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Council delays city manager recruitment

City leaders could ask Donaldson for contract extension


The Lake Oswego City Council decided last week to continue holding off on making any decisions related to hiring a permanent city manager.

Earlier this year, the council set a goal to establish a recruitment process for hiring a permanent chief executive of the city government by early October. At the same time, council members indicated they would wait to actually hire anyone for the job, punting that duty to the next slate of council members, some of whom will take office in January.

Former Assistant City Manager David Donaldson took the top job in February on a long-term but temporary basis. His one-year contract will expire this coming February, although it includes an option to extend the arrangement for another six months. His acceptance of the position followed Alex Mcntyre’s resignation to become city manager of Menlo Park, Calif.

Megan Phelan, the city’s human resources director, presented a draft timeline for a national recruitment effort to the council Sept. 18. Selecting a recruiter could take four to six weeks, she said. The recruiter would then develop a position profile, a document requiring input from city council members about the skills and characteristics applicants should possess.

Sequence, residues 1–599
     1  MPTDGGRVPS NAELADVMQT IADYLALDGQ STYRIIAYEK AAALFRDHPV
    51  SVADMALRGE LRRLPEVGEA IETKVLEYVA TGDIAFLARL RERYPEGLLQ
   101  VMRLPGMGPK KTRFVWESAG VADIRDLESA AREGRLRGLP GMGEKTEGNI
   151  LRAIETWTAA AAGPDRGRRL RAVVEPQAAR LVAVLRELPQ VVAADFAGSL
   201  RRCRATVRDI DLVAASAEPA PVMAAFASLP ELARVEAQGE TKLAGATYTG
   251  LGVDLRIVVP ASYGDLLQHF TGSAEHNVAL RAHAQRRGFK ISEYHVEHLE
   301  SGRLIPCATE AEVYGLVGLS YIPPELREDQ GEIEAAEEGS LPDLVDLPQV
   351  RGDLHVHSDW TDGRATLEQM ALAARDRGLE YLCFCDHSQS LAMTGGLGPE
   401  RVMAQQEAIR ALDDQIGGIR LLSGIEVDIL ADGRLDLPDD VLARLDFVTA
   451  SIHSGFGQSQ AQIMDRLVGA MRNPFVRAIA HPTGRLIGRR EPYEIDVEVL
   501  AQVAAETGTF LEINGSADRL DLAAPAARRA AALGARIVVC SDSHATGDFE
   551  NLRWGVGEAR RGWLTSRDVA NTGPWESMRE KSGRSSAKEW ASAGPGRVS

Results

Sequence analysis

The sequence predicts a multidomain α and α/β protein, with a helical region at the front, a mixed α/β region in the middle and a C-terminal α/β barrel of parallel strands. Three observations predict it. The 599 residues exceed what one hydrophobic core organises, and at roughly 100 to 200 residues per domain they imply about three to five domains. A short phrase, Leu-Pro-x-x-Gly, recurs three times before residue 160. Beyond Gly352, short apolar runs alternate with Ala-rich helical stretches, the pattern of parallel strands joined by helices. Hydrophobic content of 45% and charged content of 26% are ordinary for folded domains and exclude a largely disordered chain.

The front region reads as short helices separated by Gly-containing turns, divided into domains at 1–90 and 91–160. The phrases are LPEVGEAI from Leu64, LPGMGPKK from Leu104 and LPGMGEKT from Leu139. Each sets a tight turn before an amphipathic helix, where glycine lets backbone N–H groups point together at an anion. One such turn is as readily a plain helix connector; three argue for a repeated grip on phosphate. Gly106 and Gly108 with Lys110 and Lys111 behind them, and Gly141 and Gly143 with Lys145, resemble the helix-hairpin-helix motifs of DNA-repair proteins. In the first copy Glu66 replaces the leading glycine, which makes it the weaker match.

If the process is agreed on soon — allowing a recruiter to begin work when new councilors assume office in January — a new hire could come on board next summer.

“This will create flexibility for someone whose kids are in school or needs to sell a house; it’s a better time for them to do that,” Phelan said. The recruitment effort is estimated to cost $20,000 to $30,000, she said, noting the recent police chief recruitment cost about $25,000.

Councilor Bill Tierney suggested waiting to begin the process for six months to one year, which would give the three or four new council members taking office in January some time to settle in.

“Starting a recruitment weeks or months into people’s service on the city council puts them in a very difficult position. I think it takes time to get your feet under yourself,” Tierney said. “Choosing a city manager is a very important and critical thing. I think this is premature.”

If that’s the approach council members opt for, Donaldson would have to agree to extend his contract beyond six more months, Phelan said, adding: “It certainly would maximize your councilors’ ability to make a better assessment of what they’re looking for in a city manager.”

Councilor Mary Olson agreed with waiting to begin the recruitment process, although she didn’t share Tierney’s opinion about newcomers needing time to get up to speed.

“I think the candidates are not completely oblivious to what’s going on in our city,” Olson said. “They aren’t living in a vacuum.”

Mayor Jack Hoffman asked Phelan to resume the conversation in November, when the sitting council members and newly elected city leaders can schedule a meeting on what he sees as a complex, and sometimes controversial, topic.

“It’s a council-manager form of government,” Hoffman said. “That’s a challenging relationship in terms of what is policy and what is administrative, and sometimes we cross into each other’s areas.”